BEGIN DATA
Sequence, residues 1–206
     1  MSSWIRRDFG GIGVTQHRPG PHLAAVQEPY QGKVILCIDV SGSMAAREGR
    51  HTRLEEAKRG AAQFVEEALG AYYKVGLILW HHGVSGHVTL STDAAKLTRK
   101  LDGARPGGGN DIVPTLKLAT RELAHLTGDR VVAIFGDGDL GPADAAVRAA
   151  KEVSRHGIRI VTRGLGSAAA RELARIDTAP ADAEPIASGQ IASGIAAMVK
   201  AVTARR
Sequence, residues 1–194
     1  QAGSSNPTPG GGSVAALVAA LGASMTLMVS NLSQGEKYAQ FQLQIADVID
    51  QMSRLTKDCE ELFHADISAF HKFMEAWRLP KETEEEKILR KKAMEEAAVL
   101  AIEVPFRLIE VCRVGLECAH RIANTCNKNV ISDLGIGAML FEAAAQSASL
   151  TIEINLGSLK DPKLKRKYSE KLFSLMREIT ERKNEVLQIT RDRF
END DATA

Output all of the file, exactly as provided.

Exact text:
Sequence, residues 1–206
     1  MSSWIRRDFG GIGVTQHRPG PHLAAVQEPY QGKVILCIDV SGSMAAREGR
    51  HTRLEEAKRG AAQFVEEALG AYYKVGLILW HHGVSGHVTL STDAAKLTRK
   101  LDGARPGGGN DIVPTLKLAT RELAHLTGDR VVAIFGDGDL GPADAAVRAA
   151  KEVSRHGIRI VTRGLGSAAA RELARIDTAP ADAEPIASGQ IASGIAAMVK
   201  AVTARR
Sequence, residues 1–194
     1  QAGSSNPTPG GGSVAALVAA LGASMTLMVS NLSQGEKYAQ FQLQIADVID
    51  QMSRLTKDCE ELFHADISAF HKFMEAWRLP KETEEEKILR KKAMEEAAVL
   101  AIEVPFRLIE VCRVGLECAH RIANTCNKNV ISDLGIGAML FEAAAQSASL
   151  TIEINLGSLK DPKLKRKYSE KLFSLMREIT ERKNEVLQIT RDRF